There is a well known epigram: ‘it’s not the destination, it’s the journey.” For me this book is ALL about the journey. The Colonel and his new-found friend, Beatrix flying above the earth in the ‘Ox’ picking up and dropping off people, having adventures along the way. I don’t know if spending all that time up there is why the  Colonel has such a lovely perspective on life and people but I wish I were one of his friends. 

My readers know me well. I don’t write spoilers or story synopses in my reviews. In my case, it’s always a review of the writing. The writing in this case is superb.  “The tick of the clock still speaks our pace.”  Word magic abounds in this book. 

I loved  the characters, the locations, and the story. Whimsical, captivating, and bewitching. The story could happen. It could be true and if it isn’t the reader so wants it to be possible. I read the end of this story twice when Bee arrives at the Hearth. It was a surprise and left the door cracked for a sequel. From my lips to God’s ear. 
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Book Review ~~ Invitation to Poetry by Mihai Brinas

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4 out 5 quills  ~~  A Review 

I rarely review books for writers I’m not familiar with…and before you judge me…I’m not a book snob. I don’t review those books because I don’t want to have to write a tough critique. New author/writers should be encouraged and lifted up. Not torn down.  But this poet intrigued me. His poetry had something to say.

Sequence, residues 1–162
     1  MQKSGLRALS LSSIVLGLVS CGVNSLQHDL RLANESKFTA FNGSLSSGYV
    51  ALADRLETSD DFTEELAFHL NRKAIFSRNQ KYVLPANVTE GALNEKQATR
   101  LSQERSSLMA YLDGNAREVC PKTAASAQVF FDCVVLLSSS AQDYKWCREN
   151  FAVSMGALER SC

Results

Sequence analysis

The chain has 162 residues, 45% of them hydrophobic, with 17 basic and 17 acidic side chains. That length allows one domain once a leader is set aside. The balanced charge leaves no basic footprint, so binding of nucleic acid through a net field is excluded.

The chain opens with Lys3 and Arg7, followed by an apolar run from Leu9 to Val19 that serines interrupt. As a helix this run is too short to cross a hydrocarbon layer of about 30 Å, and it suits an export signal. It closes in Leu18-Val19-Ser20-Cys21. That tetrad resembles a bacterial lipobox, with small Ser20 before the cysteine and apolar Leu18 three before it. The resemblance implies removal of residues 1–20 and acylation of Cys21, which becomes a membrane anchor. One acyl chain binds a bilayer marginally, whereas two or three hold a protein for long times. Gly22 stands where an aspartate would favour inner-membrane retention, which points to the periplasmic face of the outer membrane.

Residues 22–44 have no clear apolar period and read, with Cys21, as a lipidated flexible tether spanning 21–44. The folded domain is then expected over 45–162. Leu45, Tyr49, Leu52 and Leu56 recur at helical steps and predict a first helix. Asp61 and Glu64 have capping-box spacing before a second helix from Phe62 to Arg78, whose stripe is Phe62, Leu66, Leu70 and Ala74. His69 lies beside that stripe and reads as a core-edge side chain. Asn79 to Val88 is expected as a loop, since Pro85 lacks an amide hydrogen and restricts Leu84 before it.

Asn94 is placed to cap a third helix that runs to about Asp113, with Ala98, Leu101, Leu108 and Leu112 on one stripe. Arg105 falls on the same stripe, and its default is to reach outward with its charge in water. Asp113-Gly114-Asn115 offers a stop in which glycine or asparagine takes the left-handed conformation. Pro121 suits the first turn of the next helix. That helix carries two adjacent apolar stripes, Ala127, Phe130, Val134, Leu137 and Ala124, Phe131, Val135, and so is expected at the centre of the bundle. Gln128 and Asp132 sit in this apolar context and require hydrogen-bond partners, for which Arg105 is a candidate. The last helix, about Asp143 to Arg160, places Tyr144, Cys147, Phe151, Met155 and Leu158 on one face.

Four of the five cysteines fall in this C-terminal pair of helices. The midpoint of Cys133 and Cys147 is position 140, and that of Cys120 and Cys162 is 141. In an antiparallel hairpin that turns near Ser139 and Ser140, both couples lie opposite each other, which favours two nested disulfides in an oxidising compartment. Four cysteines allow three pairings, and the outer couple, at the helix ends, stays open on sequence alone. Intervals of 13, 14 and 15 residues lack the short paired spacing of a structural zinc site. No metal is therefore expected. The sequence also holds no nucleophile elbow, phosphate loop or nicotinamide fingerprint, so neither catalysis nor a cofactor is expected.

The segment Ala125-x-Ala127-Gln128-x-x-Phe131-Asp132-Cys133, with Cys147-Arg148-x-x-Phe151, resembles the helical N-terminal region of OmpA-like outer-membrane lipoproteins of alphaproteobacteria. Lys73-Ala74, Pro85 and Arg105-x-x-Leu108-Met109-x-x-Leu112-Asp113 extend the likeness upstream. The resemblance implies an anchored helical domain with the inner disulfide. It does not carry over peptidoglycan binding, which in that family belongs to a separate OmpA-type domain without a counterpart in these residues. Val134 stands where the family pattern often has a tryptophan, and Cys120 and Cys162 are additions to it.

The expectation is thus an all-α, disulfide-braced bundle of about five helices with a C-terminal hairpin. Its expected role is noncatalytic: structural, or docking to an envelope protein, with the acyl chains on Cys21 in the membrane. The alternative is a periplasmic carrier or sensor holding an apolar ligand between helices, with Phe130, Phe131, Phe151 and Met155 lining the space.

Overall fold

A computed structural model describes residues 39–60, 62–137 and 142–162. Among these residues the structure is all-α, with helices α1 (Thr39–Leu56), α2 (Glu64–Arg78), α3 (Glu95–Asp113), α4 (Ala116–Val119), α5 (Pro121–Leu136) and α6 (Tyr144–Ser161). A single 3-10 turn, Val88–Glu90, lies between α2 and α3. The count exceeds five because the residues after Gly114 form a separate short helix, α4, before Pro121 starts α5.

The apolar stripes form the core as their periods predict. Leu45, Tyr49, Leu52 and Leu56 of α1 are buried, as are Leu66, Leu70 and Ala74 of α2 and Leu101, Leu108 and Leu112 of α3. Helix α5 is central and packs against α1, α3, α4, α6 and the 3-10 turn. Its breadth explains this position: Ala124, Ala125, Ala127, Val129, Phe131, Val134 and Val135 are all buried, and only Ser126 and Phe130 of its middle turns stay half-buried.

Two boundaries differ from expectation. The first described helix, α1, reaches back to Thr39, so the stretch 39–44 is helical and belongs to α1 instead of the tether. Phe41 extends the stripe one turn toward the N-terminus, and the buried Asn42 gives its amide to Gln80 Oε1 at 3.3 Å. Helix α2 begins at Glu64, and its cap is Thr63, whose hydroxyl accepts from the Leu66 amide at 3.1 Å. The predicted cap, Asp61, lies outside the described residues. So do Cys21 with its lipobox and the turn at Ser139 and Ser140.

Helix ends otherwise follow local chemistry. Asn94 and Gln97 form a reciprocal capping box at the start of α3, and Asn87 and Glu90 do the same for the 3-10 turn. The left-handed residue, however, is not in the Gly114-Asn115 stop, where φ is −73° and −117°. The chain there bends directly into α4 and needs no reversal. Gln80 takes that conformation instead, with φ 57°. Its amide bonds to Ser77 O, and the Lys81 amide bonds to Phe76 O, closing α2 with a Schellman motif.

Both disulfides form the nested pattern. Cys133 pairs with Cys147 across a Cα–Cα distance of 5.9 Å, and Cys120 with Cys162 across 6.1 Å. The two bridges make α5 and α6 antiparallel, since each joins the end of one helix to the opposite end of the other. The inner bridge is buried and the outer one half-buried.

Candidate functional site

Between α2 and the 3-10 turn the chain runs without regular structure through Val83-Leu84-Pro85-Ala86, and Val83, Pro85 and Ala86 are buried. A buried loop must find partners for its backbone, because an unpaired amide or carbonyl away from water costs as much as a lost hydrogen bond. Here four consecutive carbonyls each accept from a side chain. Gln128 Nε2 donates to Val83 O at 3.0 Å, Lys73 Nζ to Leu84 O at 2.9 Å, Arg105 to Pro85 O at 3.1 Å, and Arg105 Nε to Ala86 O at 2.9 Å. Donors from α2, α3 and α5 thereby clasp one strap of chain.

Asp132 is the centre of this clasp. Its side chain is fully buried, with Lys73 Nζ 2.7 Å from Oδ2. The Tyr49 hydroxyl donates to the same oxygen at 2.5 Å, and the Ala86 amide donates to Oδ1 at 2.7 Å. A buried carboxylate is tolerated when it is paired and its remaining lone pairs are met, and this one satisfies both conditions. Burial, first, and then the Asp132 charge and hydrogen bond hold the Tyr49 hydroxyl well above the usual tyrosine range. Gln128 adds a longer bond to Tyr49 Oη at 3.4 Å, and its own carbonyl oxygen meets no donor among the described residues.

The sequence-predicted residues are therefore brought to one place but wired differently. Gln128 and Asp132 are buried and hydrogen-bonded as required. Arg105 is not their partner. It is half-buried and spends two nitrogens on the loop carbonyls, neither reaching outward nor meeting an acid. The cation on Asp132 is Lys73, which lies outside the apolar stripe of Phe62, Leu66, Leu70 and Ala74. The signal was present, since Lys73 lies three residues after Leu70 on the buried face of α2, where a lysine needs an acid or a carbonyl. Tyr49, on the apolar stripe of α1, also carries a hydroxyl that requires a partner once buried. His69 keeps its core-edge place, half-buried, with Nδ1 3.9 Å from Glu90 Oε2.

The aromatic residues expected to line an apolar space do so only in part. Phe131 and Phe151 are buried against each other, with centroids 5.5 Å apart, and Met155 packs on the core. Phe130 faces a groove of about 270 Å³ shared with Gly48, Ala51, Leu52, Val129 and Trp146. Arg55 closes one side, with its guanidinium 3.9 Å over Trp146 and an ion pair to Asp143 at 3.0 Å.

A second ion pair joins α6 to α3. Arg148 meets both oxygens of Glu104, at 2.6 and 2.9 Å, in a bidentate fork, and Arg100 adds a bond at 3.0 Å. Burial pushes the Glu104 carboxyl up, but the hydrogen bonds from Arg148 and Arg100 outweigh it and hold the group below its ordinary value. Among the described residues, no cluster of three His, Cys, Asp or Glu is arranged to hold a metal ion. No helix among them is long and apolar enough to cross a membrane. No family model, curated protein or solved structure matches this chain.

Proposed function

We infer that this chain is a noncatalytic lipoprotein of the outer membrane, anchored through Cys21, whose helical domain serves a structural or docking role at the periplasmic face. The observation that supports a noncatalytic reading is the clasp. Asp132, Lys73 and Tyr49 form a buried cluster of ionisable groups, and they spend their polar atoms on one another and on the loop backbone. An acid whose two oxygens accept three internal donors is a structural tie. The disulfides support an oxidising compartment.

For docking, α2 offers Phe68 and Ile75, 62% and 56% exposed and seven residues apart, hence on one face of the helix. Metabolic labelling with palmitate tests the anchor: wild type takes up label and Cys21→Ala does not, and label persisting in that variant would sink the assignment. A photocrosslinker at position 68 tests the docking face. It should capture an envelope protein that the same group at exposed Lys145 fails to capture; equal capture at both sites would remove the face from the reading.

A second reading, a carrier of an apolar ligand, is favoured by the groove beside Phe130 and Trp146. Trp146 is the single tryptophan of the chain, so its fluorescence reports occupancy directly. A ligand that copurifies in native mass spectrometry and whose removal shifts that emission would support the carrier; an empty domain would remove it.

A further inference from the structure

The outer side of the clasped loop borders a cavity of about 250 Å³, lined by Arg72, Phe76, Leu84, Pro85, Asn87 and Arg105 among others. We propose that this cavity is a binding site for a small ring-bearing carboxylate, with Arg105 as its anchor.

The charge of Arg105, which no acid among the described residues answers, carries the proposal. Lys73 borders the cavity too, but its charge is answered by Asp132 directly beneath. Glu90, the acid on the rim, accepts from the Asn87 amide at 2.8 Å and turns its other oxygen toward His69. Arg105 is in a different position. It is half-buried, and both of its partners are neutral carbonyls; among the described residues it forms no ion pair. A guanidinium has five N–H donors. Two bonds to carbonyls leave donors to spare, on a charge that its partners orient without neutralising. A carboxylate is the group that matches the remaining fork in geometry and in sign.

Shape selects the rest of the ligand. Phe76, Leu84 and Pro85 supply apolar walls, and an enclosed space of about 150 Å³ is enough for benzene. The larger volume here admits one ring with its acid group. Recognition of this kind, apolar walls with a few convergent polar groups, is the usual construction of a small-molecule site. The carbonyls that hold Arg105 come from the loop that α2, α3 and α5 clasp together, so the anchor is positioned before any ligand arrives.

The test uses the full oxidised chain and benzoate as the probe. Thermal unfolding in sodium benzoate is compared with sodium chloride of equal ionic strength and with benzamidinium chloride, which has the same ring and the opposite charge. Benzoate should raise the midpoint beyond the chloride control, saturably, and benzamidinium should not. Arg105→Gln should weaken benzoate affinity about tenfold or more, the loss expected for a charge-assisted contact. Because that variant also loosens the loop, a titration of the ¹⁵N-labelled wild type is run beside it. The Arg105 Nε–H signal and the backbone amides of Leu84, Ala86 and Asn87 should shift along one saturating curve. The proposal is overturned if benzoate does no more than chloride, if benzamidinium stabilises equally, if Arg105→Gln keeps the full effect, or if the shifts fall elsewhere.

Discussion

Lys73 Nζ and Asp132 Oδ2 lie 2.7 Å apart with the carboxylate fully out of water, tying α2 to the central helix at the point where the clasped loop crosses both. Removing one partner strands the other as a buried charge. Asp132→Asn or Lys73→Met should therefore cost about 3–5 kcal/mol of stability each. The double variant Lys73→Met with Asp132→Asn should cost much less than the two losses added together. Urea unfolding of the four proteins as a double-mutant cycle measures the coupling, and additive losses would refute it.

let there be rain ©

he was feeling different
he was just waiting to be seen by the world
a world that did not read poetry books anymore
you could not even find books
as if somebody had burnt them in a huge incinerator
as he was different he has gathered up there
the ashes of poetry books
he is scattering it above everybody
with just a single blow
so it may rain with poetry

Mihai stops us and makes us see a camera shot of the lonely, exhibit guard; the invisible ones. Hidden Truths hurt my heart and what more could a poet ask for. The Healed Healer  was truly beautifully written.  I wish the titles of the poetry were shorter in some cases, but that’s just personal taste. The English translation could be cleaned up….but no….that is perhaps part of the charm. 

I agree with Mihai that poetry is forgotten and not read enough. If you feel the need for a little poetry, I highly recommend his books. The verse is not shallow and you may want to read a poem over a second time…but it’s certainly gratifying and worth the reader’s time. 

 

Bio:  Mihai Brinas is a young (25) poet, living in Arad, Romania. He has published two poetry ebooks .’Invitation to Poetry’ in October 2017 and ‘Alignment of Thoughts’ in February 2018. He ‘loves life, poetry, reading. His favorite place is the town library where he enjoys seeing and touching random books while walking among the shelves.  The smell of books. To be able to choose and read one book or another.’ He writes: ‘when the emotion takes the arm of my thought and asks it out for a stroll.’

 

To purchase, Click here
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MY BLOG features INTERVIEWS with  best-selling AUTHORS!  April: International adventurer, writer, Tal Gur.  June: Manning Wolfe. July K.M. Ecke. August: Mega best selling author, Susan Mallery. September: Jonathan Rabb.  Coming this winter: Jayne Ann Krentz (Amanda Quick)